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Hustle_Rose

What does the Bible say about physical self-defense & defending ot

I was having a conversation with someone earlier about this, and I thought I would bring it here to get some more perspectives on it. Basically, he posed the question, do you think God approves of self defense? He cited a passage in the Bible where Jesus tells his disciples not to defend him. But, for example, if someone were to break into your home with the purpose of harming you & your family, is it justified to defend yourself? I understand the whole 'turn the other cheek' concept, but at what point does one stop ignoring and start defending? Where is the line, what to you believe is okay, and do you know of any passages in the Bible that might clarify?

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Albert Barne's:

...The general principle which he laid down was, that we are not to resist evil; that is, as it is in the Greek, nor to set ourselves against an evil person who is injuring us. But even this general direction is not to be pressed too strictly. Christ did not intend to teach that we are to see our families murdered, or be murdered ourselves; rather than to make resistance. The law of nature, and all laws, human and divine, justify self-defense when life is in danger. It cannot surely be the intention to teach that a father should sit by coolly and see his family butchered by savages, and not be allowed to defend them. Neither natural nor revealed religion ever did, or ever can, inculcate this doctrine. Our Saviour immediately explains what he means by it. Had he intended to refer it to a case where life is in danger, he would most surely have mentioned it. Such a case was far more worthy of statement than those which he did mention...

The first case is where we are smitten on the cheek. Rather than contend and fight, we should take it patiently, and turn the other cheek...

The second evil mentioned is where a man is litigious and determined to take all the advantage the law can give him, following us with vexatious and expensive lawsuits. Our Saviour directs us, rather than to imitate him rather than to contend with a revengeful spirit in courts of justice to take a trifling injury, and yield to him. This is merely a question about property, and not about conscience and life.

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The "turn the other cheek" metaphor is more toward if you're being made fun of or just bullied a little. As long as it's not something that would really hurt you, then you should turn he other cheek.

If they actually are causing harm, however, you have a right to defend yourself. Why else would there be Christians in the military?

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The "turn the other cheek" metaphor is more toward if you're being made fun of or just bullied a little. As long as it's not something that would really hurt you, then you should turn he other cheek.

If they actually are causing harm, however, you have a right to defend yourself. Why else would there be Christians in the military?[/b]

I just love the scriptural references in your post.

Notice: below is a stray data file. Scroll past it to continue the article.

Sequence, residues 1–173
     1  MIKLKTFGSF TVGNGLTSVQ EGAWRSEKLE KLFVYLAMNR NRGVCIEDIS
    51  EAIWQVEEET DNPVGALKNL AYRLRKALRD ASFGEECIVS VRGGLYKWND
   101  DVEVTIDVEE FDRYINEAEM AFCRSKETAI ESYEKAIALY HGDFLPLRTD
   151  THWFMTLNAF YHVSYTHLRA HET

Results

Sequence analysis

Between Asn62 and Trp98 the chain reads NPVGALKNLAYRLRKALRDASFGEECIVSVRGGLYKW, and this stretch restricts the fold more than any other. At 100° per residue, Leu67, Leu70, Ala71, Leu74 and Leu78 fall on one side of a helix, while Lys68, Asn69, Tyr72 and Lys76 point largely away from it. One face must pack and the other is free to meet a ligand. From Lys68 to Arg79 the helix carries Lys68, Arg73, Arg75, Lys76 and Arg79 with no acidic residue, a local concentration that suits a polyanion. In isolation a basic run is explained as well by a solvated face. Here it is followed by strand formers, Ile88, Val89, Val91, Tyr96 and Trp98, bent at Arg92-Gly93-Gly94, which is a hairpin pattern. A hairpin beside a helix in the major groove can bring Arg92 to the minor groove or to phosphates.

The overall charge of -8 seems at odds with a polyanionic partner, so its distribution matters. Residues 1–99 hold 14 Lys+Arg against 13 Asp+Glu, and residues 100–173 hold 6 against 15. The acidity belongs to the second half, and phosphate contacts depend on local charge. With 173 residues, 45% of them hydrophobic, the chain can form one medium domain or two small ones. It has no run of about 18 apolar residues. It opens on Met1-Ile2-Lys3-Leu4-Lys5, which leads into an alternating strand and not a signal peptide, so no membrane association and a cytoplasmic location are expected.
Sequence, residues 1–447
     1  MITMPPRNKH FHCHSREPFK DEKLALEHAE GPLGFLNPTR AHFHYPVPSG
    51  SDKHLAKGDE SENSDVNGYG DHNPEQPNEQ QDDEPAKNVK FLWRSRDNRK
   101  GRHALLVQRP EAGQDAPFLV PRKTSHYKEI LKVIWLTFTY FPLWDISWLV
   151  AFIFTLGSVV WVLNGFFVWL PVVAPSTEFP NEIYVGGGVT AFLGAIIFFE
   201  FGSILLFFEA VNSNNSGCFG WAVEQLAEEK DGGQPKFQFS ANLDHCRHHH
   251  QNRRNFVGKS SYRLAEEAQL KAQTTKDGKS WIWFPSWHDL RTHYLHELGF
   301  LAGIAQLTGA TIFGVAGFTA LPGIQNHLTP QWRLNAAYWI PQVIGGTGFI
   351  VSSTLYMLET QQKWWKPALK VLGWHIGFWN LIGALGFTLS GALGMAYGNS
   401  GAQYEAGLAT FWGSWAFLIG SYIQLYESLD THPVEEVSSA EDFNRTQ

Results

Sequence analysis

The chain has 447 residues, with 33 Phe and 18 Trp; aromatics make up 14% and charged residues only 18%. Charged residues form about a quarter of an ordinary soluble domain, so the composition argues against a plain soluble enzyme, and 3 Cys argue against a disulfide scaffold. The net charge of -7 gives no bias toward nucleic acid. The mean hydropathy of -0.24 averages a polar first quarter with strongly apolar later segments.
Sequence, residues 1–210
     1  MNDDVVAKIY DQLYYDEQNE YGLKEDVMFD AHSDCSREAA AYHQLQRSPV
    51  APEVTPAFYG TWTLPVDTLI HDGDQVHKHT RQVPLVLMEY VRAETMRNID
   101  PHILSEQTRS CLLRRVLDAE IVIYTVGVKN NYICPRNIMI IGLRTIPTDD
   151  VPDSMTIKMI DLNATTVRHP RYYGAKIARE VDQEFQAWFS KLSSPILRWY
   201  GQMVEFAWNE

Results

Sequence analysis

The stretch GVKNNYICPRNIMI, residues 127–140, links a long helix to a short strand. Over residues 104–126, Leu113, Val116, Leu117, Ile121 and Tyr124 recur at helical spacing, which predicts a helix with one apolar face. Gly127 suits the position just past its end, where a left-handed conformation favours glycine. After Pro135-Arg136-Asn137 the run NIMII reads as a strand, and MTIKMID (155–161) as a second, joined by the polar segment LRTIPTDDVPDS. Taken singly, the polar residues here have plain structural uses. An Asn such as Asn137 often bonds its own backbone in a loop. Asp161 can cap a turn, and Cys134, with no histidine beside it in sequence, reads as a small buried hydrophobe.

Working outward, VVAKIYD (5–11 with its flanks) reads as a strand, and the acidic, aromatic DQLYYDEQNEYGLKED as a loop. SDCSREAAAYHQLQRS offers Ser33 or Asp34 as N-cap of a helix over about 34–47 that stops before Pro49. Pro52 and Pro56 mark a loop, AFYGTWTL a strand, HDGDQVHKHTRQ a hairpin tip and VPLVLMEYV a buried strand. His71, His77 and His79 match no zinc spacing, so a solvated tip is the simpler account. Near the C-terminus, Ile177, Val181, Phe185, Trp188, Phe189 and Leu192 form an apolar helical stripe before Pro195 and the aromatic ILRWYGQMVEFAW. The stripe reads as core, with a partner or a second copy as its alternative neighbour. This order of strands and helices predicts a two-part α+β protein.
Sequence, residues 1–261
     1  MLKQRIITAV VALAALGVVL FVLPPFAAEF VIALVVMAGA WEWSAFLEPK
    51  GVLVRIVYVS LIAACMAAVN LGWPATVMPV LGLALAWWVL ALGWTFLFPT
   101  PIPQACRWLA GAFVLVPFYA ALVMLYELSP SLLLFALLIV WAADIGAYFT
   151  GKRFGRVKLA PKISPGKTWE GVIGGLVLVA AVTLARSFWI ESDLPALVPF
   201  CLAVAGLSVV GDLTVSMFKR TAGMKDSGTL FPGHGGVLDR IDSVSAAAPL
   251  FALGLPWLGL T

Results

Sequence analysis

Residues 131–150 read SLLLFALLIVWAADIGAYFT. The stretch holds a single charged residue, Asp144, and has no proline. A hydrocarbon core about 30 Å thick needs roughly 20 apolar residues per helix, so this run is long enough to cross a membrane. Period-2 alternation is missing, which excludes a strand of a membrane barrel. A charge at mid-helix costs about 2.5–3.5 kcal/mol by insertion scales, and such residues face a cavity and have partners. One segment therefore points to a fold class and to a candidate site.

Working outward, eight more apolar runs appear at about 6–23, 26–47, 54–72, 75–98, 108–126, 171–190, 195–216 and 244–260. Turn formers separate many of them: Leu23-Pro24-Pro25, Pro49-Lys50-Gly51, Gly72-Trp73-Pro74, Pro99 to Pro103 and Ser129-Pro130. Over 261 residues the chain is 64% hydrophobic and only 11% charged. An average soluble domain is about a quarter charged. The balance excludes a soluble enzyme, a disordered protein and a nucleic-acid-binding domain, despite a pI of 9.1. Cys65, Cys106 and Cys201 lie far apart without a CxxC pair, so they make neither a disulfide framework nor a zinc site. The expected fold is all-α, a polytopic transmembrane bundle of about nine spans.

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I was having a conversation with someone earlier about this, and I thought I would bring it here to get some more perspectives on it. Basically, he posed the question, do you think God approves of self defense? He cited a passage in the Bible where Jesus tells his disciples not to defend him. But, for example, if someone were to break into your home with the purpose of harming you & your family, is it justified to defend yourself? I understand the whole 'turn the other cheek' concept, but at what point does one stop ignoring and start defending? Where is the line, what to you believe is okay, and do you know of any passages in the Bible that might clarify?[/b]

When Jesus is sending His disciples out--in Luke 22--He tells them to sell their cloaks and buy swords if they do not have any. When Jesus sent them out the first time, He told them to not take anything--but He was still on earth. When He sends them in Luke 22, this time, He won't be physically there protecting them--therefore He admonishes adequate self-defense.

The Bible not only advocates self-defense, but also National defense when being attacked.

Jesus' admonition to "turn the other cheek" was a reference to a personal insult--not physical danger. In the ancient world, the ultimate insult was to slap someone open-handed with the right-hand, then back-hand them across the other cheek with the same hand. Jesus says to not retaliate in kind.

Also, when He said "Those who live by the sword shall die by the sword" He did not mean citizens ho merely wish to protect their own. That refers to people who deliberately cause death and destruction--they will die violently (this can be seen in the War in Iraq--the terrorists are those who live by the sword, the U.S. military are those that cause the terrorists to die by the sword--in the National defense of the USA.

Private citizens neither attack people, nor are they charged with legally upholding the law, like a police officer--the above reference to "those who live by the sword" is thus obviated.

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